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Better woodworking, one demand at a time

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OK, enough gripping about the quality of woodworking products. Time to move on to my, I think, reasonable demands.

When I'm King of the World, everyone will be a lot happier. Especially me. When I control everything I'll eliminate the stupid and the illogical, making way for sense and order. To facilitate this glorious day, I thought I'd get a jumpstart with a few demands now.

Shop accessories with wheels are wonderful, but even the best, most expensive wheeled tool is stopped dead by the simplest of things: the cord. From now on, any tool on wheels must be able to roll over its own cord.

Every time a woodworking magazine runs a cover story on the ultimate this or the ultimate that, I cringe. When I see a magazine touting "Your Ultimate Router Table," my first reaction is gee, I hope not. You see, the word ultimate doesn't mean "greatest," "best" or "most wonderful." It means "last" or "final." If a product is advertised as giving you "the ultimate woodshop experience," what it's really saying is that you should have your will in order. Cease this now.

Almost every tool with changeable items has those items located on the bottom - router bits, jigsaw blades, sanders, etc. So, who's the idiot designing most of these tools with round tops so you can't set them securely upside down to change said items? From now on, all tools that have to be turned over to change attachments must have flat tops. Thanks.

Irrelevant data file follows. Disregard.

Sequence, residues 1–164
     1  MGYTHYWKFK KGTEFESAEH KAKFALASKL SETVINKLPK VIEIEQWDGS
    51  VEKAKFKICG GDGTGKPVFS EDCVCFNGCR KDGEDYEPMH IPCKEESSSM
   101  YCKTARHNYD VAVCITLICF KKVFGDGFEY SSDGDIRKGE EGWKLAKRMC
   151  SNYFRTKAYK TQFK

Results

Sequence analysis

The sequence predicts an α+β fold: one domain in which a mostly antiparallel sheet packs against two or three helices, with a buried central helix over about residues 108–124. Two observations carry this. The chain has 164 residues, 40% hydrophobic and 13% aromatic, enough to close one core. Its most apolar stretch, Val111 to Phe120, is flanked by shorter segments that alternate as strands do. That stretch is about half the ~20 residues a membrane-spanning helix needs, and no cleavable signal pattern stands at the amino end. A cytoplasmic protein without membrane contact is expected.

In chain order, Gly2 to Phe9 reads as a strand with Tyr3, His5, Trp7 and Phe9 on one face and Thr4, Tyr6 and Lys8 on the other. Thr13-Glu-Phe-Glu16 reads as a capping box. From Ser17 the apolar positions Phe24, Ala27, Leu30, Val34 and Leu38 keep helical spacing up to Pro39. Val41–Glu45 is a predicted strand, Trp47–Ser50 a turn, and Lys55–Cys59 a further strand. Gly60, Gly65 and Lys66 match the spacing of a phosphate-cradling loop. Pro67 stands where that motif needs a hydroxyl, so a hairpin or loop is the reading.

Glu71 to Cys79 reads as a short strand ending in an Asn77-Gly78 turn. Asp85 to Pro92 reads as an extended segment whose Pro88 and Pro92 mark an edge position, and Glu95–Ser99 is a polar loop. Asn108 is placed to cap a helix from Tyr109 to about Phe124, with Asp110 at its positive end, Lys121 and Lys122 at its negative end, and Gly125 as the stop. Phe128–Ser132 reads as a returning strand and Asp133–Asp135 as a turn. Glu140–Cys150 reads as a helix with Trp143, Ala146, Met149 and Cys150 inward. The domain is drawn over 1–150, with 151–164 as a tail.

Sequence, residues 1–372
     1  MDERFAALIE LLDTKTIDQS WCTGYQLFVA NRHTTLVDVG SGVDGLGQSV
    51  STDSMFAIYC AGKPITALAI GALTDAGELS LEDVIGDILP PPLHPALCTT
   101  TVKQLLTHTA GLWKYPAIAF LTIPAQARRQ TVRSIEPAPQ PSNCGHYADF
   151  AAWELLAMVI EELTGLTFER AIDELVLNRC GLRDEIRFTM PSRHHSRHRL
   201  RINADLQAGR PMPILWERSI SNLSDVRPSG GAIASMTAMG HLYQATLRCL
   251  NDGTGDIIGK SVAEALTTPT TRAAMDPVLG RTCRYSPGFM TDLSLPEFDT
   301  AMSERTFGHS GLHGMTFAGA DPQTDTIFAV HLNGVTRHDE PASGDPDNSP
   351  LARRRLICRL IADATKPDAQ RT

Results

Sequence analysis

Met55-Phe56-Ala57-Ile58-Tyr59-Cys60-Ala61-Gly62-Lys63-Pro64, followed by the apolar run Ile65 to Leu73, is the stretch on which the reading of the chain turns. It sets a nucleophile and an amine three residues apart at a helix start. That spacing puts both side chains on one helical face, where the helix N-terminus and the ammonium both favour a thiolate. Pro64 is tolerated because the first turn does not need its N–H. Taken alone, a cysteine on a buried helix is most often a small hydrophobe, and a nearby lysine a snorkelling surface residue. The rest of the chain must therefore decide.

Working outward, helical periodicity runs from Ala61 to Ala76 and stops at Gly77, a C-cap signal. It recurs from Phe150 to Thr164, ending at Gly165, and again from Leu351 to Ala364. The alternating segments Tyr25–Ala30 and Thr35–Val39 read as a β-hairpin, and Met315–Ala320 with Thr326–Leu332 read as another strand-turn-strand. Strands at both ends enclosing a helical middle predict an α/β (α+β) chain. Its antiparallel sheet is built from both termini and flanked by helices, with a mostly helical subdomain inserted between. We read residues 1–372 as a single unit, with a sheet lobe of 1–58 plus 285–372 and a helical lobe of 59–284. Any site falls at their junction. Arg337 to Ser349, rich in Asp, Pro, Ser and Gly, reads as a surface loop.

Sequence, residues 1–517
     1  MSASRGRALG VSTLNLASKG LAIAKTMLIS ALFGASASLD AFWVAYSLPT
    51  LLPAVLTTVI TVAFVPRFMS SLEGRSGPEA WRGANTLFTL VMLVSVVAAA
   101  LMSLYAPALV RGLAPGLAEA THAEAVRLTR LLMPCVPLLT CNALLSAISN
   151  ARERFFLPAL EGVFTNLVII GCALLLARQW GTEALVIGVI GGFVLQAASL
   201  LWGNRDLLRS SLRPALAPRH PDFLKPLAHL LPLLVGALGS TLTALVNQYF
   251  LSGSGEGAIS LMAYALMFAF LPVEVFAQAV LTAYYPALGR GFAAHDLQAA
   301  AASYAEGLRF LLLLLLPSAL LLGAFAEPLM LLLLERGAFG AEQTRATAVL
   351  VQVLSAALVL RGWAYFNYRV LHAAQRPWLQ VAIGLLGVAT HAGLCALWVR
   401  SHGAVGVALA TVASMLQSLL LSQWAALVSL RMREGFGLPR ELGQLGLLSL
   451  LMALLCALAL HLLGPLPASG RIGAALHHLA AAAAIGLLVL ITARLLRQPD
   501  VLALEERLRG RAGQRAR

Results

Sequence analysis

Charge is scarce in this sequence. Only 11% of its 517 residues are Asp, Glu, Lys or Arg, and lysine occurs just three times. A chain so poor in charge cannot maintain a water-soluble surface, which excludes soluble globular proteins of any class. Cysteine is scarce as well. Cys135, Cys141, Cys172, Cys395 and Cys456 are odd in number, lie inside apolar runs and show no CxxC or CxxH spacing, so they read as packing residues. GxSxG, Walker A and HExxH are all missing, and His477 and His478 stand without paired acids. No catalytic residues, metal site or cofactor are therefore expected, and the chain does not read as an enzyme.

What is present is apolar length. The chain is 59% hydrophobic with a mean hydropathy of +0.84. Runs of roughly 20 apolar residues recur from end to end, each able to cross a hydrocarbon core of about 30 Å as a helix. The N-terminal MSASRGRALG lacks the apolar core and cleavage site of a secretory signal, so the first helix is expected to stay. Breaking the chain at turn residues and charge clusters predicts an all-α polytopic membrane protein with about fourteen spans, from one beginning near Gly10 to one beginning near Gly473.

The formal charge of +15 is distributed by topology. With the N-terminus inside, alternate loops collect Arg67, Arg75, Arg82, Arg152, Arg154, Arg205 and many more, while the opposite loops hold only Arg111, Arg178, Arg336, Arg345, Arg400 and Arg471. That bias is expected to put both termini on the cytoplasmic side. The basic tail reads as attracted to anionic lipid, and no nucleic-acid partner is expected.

Who uses a whole sheet of sandpaper as a whole sheet? Nobody. The first thing you do is make smaller sheets since quarter-size sheets automatically fit most sanding blocks and orbital sanders. But most sandpaper has the grit listed, at best, in only one place on the back. The moment you tear a full sheet you create a bunch of mystery-grit smaller sheets. Look, we don't need a couple hundred words on the back of sandpaper created by the marketing department touting its wonderfulness. We need one thing: the grit number, stamped all over the back so no matter what size sheet we tear, we can tell what the heck it is.

Ever drop a strip of nails or brads as you're putting it into a nailer? What happens when it hits the floor? It shatters into a hundred smaller pieces of nail strip. Effective immediately, nail strips shall be bonded with something stronger than the library paste they're currently using.

And finally - for now - as long as China is going to make plywood entirely out of solidified splinters, from this day hence all plywood will be sprayed with a coat of Bactine as the last step in manufacturing.

There, see? You're happier already.

Till next time,



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